Hearing Loss in Your Relationships

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Hearing Loss in Your Relationships

Couple enjoying conversation

 

Hearing loss challenges not only the person who has the impairment, but it also influences friends, family, and co-workers. Leaving a potential hearing loss untreated increases the threat of adding severe and unnecessary hardships to most everyone around you, particularly those you love the most.

The Center for Hearing and Communication reports the following statistics:

  • Over 48 million US residents have hearing loss
  • One out of four people who need hearing aids, fail to wear them
  • 75 percent of people with hearing loss are risking adverse relationship impacts
  • Out of 1,500 people with hearing loss, 44 percent admit their relationships have suffered
  • 34 percent have lost relationships and marriages

It would be such a shame to lose any relationship, including a romantic one, when help is just a phone call away.

Harmful Relationship Impacts

Sometimes communicating with a partner is challenging enough for couples that have not been through a hearing loss. Using the correct words and the right tone are so important, as is the “mood” of your significant other. If they had a stressful day or have a concern on their minds, they may not be fully engaged in a conversation. Hearing loss adds to everyday difficulties and result in the following relationship trials for both partners:

  • Resentment
  • Loneliness
  • Decrease or elimination of intimate chat or joking around
  • Frustration
  • Being withdrawn from friends, family, and social interactions
  • Loss of companionship
  • Keeping words to a minimum resulting in more communication issues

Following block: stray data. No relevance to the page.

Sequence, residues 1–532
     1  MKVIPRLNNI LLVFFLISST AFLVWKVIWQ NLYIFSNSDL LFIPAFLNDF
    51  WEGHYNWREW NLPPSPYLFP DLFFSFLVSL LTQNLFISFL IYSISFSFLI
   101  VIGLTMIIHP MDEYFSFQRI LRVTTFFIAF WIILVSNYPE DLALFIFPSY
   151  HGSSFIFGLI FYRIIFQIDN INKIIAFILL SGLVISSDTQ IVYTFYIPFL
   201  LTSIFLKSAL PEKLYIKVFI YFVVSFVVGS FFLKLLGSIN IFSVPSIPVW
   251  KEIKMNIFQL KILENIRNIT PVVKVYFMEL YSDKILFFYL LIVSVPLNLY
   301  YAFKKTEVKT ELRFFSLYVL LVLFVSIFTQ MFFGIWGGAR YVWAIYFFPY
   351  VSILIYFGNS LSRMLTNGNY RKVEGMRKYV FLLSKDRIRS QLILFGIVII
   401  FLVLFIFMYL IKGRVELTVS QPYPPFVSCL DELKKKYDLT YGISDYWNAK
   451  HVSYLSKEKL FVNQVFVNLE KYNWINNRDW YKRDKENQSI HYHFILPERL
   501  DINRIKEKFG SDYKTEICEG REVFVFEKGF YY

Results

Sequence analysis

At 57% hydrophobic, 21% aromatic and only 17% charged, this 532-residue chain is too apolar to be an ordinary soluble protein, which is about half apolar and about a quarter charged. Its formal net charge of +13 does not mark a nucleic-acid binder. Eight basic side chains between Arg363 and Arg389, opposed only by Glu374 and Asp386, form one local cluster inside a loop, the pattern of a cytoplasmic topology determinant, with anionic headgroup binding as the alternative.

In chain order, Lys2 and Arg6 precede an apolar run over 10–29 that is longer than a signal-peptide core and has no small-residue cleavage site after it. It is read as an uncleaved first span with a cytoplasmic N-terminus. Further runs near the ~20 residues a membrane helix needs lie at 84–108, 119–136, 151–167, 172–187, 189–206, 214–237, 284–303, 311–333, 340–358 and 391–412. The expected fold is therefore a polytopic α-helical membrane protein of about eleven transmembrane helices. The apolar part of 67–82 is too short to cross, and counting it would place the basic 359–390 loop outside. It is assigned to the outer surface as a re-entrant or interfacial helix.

And all too often, things that we take for granted just aren’t as easy as they once were. One partner even stated that her husband’s hearing impairment prevented them from watching television together because he needed the volume so high she just could not bear it.

You don’t have to be old to have a hearing loss! And even if you are considered a “senior citizen,” you are part of the baby boomer generation, and we’re changing the entire look and feel of adding a few years to our lives. Think about your parents at your age. What were they doing? Potentially not many of the exciting things you continue to enjoy at any age. It could be genetics that contributed to your hearing loss, so please don’t let any of these things happen in your life. We have a solution.

The Answer

An annual visit to your audiologist just like your eye doctor is suggested. Audiologists earn a master’s degree, and many attain a Doctor of Audiology. They are highly skilled at performing a variety of tests to assess, diagnose, treat and manage hearing issues including balance disorders and tinnitus.

Let’s talk about what to expect if this is your first visit to this hearing expert.

  • The team will gather the same history as every other doctor in the world, ask about your current medications, and your symptoms
  • It’s great to take a friend or family member with you, they can help take notes, and some doctors may want to perform a test using a voice that is familiar to you
  • The tests are not painful
    • Otoscopy – is just a peek into your ears with this penlight that magnifies your ear contents
    • Tympanometry is a test of your middle ear; you may feel very light pressure on your ear, it’s minimal discomfort
    • Audiometry will assess bone and air conduction. You will just be inside a sound proof space and will follow the doctor’s instruction
    • One on one time with your audiologist where he or she will share results and possible remediation

With today’s perpetual technological advances, you can prevent any adverse impact on your relationships. If you are experiencing any of the challenges we’ve mentioned here, please visit our office and get back to enjoying connections with the people who matter most to you.

 

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